As already stated, homologous recombination can generate two types of molecular products, either COs or NCOs. During somatic DNA repair, CO formation is largely avoided and several biochemical pathways that promote NCO formation have been characterised [13]. This can be related to the fact that COs in somatic cells can have dramatic consequences such as loss of heterozygocity or chromosomal rearrangements. One major discovery of the last decade in the meiotic recombination field is the identification of a pro-CO machinery specific to meiosis, the “ZMM pathway” [14]. The proteins of this pathway – Zip1, Zip2/SHOC1, Zip3 and/or Hei10, Zip4, Mer3, Msh4 and Msh5 – plus Mlh1/Mlh3 (which are not classified as ZMM but are part of the same pathway) are present in the vast majority of the eukaryotes studied so far, with the notable exception of Spombe. Disruption of the ZMM pathway drastically reduces CO formation, and it is generally estimated that it controls the formation of 50–100% of the COs, according to species. Immunocytological studies performed in Sordaria macrospora, Athaliana, tomato, and mammals revealed that ZMMs are active on numerous early recombination intermediates, but that only a few of these will eventually mature into COs [11]. A major challenge for the future will be to understand the mechanisms controlling CO designation out of these ZMM-marked intermediates.

It has recently been revealed that, acting antagonistically to the ZMM pathway, several somatic-inherited anti-CO pathways are active during meiosis [15]. Disruption of these anti-CO machineries in Athaliana and in Spombe leads to unleash CO number [16,17]. It therefore appears that, in regards to somatic DNA repair, the meiotic recombination machinery has acquired the capacity to protect a subset of recombination intermediates from the anti-CO activities acting during recombination. It is nevertheless surprising to observe that the average number of CO per bivalent is poorly variable, always above 1 (illustrating the already mentioned “obligatory CO”) but in the vast majority of the cases below 3 and this whatever is the physical size of the chromosome [12]. It remains to be understood what are the reasons for such constrained number of COs.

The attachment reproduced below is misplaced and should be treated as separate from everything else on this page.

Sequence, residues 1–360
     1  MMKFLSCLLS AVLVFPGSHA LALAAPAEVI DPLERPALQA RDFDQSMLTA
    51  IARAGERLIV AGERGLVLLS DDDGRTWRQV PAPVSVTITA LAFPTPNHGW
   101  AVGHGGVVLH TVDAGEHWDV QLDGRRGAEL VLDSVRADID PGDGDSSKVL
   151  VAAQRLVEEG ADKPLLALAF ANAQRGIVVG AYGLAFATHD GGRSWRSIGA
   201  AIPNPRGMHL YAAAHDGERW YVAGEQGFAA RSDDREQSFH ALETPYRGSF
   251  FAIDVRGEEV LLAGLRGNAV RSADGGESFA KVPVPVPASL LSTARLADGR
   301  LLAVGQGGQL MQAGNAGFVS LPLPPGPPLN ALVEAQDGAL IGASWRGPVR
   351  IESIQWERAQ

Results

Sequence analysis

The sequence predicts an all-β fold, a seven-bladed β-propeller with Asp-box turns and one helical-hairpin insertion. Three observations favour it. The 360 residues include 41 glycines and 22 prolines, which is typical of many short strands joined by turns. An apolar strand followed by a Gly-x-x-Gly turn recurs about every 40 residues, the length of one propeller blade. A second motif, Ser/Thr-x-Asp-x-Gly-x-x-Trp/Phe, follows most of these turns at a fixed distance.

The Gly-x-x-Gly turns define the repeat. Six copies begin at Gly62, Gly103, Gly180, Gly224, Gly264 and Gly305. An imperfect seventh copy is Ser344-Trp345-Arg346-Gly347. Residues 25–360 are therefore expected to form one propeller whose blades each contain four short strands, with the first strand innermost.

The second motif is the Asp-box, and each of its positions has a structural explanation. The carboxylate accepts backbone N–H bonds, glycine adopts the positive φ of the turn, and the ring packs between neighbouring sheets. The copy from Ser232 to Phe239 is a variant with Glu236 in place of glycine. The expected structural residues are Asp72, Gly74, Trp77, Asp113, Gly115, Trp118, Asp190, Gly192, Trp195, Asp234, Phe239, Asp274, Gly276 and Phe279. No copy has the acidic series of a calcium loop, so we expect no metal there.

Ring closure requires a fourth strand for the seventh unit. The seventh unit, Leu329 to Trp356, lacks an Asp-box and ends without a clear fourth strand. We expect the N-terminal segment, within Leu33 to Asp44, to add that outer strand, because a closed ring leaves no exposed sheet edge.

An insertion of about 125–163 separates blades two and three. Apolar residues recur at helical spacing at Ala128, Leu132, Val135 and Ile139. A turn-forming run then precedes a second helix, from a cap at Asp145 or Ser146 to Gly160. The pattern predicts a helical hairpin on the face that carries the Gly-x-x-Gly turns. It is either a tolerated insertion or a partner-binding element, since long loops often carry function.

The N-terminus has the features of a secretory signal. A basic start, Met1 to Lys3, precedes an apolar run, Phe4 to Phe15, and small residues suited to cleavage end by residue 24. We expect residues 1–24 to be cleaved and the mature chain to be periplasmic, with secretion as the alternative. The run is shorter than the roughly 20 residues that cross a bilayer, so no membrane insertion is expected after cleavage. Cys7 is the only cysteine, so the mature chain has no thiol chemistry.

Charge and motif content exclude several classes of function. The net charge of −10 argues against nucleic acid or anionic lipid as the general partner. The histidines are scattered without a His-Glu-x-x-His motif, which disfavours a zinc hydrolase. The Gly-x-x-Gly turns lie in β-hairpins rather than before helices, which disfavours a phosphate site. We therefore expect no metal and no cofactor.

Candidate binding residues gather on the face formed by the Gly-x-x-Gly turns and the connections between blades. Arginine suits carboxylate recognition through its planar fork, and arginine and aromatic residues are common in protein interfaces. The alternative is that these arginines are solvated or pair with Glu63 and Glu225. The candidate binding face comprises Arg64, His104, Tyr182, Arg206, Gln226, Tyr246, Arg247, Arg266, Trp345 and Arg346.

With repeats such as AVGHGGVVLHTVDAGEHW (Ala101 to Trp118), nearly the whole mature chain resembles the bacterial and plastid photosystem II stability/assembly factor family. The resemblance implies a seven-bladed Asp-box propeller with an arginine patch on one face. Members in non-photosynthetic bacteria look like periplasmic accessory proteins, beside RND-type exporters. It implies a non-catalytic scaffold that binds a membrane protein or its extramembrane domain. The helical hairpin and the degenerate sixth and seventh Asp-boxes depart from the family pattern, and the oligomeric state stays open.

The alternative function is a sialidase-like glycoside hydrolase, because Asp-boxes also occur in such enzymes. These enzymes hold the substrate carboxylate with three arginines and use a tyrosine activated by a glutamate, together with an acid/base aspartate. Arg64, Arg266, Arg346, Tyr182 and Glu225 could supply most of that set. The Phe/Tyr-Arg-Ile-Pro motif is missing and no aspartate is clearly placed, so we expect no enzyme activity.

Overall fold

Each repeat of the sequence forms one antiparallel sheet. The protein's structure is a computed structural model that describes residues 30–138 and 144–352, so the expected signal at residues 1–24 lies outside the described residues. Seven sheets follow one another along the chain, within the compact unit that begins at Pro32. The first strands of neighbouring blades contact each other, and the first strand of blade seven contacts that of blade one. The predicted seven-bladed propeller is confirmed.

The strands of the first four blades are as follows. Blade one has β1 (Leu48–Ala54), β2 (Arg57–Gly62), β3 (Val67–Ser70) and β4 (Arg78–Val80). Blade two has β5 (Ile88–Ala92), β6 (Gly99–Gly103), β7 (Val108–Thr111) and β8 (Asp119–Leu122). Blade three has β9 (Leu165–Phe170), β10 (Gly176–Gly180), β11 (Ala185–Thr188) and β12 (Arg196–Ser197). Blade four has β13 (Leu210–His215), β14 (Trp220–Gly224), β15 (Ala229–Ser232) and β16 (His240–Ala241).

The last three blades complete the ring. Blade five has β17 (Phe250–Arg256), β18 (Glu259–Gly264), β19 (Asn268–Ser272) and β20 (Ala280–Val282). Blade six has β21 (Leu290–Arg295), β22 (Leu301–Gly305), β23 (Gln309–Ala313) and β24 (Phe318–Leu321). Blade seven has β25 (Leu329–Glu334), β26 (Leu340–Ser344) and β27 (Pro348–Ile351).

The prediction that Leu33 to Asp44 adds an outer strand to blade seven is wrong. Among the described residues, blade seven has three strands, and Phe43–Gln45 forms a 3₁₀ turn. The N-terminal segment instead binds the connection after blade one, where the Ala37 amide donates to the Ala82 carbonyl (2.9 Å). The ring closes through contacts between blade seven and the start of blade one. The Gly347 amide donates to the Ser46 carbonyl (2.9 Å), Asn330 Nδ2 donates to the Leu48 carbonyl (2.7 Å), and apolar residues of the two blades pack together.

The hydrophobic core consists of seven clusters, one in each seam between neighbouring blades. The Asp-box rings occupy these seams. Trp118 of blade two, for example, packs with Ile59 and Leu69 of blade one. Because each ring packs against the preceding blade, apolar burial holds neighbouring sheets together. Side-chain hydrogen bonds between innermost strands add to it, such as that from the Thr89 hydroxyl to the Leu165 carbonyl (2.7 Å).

2.4 Where does recombination occur?

When the study of meiosis became widespread at the beginning of the 20th century, it became quickly evident that meiotic recombination rate and localization were not homogenous throughout the genomes. Along the chromosomes of almost all species, domains with high recombination rates alternate with domains where recombination rates are significantly lower than the genome-wide average. In budding yeast, Arabidopsis, wheat, and humans, more than 80% of the recombination events occur in less than a quarter of the genome [18]. The understanding of the factors that profile the CO landscape is still very fragmented, but it appears that the shape of the CO distribution is the result of a series of controls that could be interconnected and could vary from species to species: DSB positioning in correlation with chromatin marks, the repair fate of each DSB (CO, NCO or inter-sister repair), the structure of the chromosome axis and the meiotic chromosome dynamics. The recent identification in Athaliana of the first meiotic mutants that modify the localisation of meiotic recombination events without changing the average level of their occurrence opens new and promising roads of investigations. First, PSS1, a Kinesin1-like protein, has been shown to be required for wild-type CO location since its disruption leads to the loss of the obligatory CO [19]. Kinesins being component of the chromosome mobility machinery, it provides the first evidence of the importance of meiotic chromosome dynamics in the regulation of CO localisation. Second, disruption of AXR1, a key component of the neddylation machinery, provokes the clustering of COs in the sub-telomeric regions of the chromosomes, without affecting the average CO number [20]. Neddylation is an important post-translational regulatory mechanism, common to most eukaryotes and linked to targeted protein degradation. The deciphering of the mode of action of this pathway during recombination will undoubtedly provide information on the general regulatory mechanisms implemented during recombination and resulting in a given CO landscape.

3 Concluding remarks

The actual knowledge on meiotic recombination mechanisms suggests that meiotic recombination has evolved from an ancestral somatic DNA repair process, forcing the system toward CO formation. This appears to be correlated with the selection of strongly deleterious processes, such as DNA double strand break formation and inter-homologs COs promotion, despite the strong risks for chromosomal rearrangements that these processes are known to provoke. Interestingly, recombination-free meiosis also exists, for example in the male from Drosophila melanogaster or the female from Bombyx mori [21], but it is strikingly poorly represented among species, and in any cases, never observed for the two sexes of a single species. Since recombination generates new combinations of alleles but also destroys favourable associations, it is likely that the prevalence of sex with limited number of recombination events corresponds to an optimised evolutionary situation, in terms of stability but also adaptability.

Disclosure of interest

The author declares that he has no competing interest.